That my touring life didn't exist in a vacuum. It affected everything, my health, my relationships, my ability to see people, that I wanted to, keep up with every possible aspect of my life, it affected that and it didn't exist all by itself and that even down to the finances of it I used to think, okay, this run.

Has to be in the black. How do we make it, be in the black? And, my stepmother actually at one point she said, I hope you're, you know, you're flying to the UK four times this year, I hope you're upgrading your flight because you need to take care of yourself and be rested and I thought, have to be in the black, mean at some point I just realized this is also your life.

and your health and everything else that that entails. And maybe if I can look at it more holistically, what is going to work? And I'm going to come home at the end of a tour and feel still like a human being instead of a complete wreck. And that's hard enough anyway. Touring is just brutal.

Physically, the older you get, The more brutal it is, but in the end it's much, much healthier to look at the whole thing in a holistic way, rather than trying to compartmentalize and again, you know, we live in this culture where compartmentalization is, part of our ethos, I loved the series that came out about the guy went to work and they,severed part of his brain so that when he went to work, he was just at work and his, personal life didn't exist. I was like, that's a corporate dream. That's exactly what that is. And we are not made like that.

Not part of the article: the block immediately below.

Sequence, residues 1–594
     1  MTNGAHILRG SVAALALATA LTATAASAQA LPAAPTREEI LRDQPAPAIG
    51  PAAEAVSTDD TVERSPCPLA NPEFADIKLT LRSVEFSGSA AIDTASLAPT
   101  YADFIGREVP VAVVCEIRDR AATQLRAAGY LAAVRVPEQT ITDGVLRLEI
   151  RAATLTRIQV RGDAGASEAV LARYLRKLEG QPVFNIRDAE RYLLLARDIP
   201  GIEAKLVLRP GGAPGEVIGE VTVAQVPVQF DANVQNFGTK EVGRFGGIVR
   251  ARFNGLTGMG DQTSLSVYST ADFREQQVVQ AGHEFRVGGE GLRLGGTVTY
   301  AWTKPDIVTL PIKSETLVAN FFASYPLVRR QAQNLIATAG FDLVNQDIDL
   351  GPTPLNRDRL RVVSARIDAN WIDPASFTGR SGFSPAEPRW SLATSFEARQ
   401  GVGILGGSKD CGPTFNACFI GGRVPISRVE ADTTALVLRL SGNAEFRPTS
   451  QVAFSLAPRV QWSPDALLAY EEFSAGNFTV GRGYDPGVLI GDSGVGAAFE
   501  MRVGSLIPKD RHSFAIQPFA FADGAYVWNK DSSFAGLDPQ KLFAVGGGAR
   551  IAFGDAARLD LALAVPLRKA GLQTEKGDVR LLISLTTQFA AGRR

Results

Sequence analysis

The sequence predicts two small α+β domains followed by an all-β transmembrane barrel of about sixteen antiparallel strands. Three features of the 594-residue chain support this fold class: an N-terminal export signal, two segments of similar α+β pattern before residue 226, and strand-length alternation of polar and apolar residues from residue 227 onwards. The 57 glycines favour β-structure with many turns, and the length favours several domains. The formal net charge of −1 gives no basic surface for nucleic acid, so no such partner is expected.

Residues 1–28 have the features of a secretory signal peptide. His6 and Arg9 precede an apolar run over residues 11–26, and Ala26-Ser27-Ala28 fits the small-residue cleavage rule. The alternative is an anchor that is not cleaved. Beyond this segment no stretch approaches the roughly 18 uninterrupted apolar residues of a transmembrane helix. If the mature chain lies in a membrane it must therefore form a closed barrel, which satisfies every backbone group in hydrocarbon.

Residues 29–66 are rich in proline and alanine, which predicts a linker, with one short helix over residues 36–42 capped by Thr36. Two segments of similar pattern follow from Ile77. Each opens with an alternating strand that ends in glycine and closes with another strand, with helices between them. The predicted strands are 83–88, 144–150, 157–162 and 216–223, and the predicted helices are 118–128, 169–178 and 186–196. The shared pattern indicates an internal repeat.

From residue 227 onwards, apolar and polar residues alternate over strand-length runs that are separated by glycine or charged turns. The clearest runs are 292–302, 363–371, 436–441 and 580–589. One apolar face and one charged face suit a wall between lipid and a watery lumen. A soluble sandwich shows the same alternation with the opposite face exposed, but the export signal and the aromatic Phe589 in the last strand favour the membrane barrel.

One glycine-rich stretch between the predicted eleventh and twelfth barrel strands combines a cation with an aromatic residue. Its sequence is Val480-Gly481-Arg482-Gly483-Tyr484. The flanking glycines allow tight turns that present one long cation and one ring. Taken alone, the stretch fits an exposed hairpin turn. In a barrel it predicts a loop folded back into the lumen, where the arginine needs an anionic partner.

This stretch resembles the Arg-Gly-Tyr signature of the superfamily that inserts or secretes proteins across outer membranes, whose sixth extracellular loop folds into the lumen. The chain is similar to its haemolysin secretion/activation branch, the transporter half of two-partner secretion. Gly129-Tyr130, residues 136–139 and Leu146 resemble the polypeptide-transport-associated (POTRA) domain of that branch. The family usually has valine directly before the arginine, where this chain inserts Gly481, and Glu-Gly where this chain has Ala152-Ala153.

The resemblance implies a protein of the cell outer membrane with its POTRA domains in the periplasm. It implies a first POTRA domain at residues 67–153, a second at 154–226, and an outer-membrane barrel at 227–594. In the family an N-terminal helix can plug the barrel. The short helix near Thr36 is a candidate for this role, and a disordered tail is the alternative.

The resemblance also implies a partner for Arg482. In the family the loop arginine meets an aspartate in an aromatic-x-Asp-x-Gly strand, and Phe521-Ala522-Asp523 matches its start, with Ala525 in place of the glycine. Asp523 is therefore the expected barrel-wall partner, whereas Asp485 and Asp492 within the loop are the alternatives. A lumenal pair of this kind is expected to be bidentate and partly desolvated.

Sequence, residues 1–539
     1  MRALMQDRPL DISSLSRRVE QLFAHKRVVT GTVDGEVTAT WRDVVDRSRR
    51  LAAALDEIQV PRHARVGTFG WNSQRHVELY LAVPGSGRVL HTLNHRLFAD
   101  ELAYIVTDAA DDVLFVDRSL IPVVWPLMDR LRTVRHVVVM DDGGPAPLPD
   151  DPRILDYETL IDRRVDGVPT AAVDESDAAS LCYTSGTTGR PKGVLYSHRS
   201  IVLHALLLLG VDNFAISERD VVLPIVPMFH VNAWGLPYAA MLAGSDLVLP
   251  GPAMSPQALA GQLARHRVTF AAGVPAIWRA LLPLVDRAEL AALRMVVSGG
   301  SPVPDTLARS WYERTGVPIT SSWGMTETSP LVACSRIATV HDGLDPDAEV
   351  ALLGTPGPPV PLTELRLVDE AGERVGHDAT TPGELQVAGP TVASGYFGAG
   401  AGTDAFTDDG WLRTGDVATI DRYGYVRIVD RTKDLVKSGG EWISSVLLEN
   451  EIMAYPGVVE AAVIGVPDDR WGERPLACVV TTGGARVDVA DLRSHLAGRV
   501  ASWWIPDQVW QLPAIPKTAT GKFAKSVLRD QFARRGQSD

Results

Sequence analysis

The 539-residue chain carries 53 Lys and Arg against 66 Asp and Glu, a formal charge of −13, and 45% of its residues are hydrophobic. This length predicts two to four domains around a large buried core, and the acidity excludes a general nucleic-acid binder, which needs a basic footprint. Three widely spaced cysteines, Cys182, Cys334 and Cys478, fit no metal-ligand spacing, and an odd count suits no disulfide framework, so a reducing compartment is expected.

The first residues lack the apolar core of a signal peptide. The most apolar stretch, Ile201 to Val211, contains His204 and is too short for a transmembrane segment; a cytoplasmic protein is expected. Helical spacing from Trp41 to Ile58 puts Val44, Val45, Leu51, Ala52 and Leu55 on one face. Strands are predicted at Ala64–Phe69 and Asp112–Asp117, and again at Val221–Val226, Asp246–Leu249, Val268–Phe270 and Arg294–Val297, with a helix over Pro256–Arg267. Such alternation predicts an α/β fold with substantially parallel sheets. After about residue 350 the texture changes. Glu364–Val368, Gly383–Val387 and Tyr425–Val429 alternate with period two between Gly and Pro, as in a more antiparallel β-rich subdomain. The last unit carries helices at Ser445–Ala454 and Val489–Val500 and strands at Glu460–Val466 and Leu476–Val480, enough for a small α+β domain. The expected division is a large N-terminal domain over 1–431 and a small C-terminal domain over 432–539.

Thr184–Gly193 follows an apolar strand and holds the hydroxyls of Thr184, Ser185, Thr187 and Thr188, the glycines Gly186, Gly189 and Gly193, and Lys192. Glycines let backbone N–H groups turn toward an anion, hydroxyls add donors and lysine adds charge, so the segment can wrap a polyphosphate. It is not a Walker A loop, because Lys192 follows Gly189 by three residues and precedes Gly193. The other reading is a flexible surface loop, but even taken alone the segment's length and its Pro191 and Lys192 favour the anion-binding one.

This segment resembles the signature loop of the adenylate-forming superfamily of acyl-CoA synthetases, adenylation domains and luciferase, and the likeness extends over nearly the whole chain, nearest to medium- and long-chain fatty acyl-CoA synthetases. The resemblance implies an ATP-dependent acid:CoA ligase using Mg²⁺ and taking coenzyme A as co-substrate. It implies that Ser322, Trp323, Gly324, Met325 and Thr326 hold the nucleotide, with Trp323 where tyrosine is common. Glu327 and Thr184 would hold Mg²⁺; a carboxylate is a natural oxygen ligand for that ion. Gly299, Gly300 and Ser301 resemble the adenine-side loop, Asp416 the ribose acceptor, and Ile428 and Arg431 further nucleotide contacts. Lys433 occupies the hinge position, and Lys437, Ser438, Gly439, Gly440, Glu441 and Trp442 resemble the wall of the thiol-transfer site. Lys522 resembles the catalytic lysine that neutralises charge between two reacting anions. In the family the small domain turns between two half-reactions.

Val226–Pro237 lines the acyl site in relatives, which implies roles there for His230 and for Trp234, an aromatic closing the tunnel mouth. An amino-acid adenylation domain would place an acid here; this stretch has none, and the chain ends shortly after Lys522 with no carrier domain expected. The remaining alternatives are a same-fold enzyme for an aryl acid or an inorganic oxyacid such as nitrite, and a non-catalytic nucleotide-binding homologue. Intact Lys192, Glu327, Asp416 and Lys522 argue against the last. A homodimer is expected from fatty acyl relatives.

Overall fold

[00:40:28] Michaela: Oh yeah, I think about that. All the time, Especially we have two and a half year old now. I observe it in Aaron's life too, how becoming a parent has impacted our ability to work. and for me, my experience as a woman becoming a mother and how I'm also treated so differently and just how it's like this idea of, Oh, people would, prefer that.

Anybody who's operating in society like don't have children because we need to hide them away and do you do that? It's who we are, but it's an inconvenience because it impedes on productivity and money making and your ability to tour nonstop. it always feels at odds but it's what makes us who we are, and then therefore deepens our artistic work.

How do you write a great song if you don't have a deep, rich personal life? And you can't tour and have a deep, rich personal life. There's just not enough hours. I think about. Your song Patti Lovelace recorded. You don't even know who I am.

I still remember the moment. I heard that song It's stopped me in my tracks and a person who hasn't lived Deeply they couldn't write that song

[00:41:35] Gretchen: Yeah.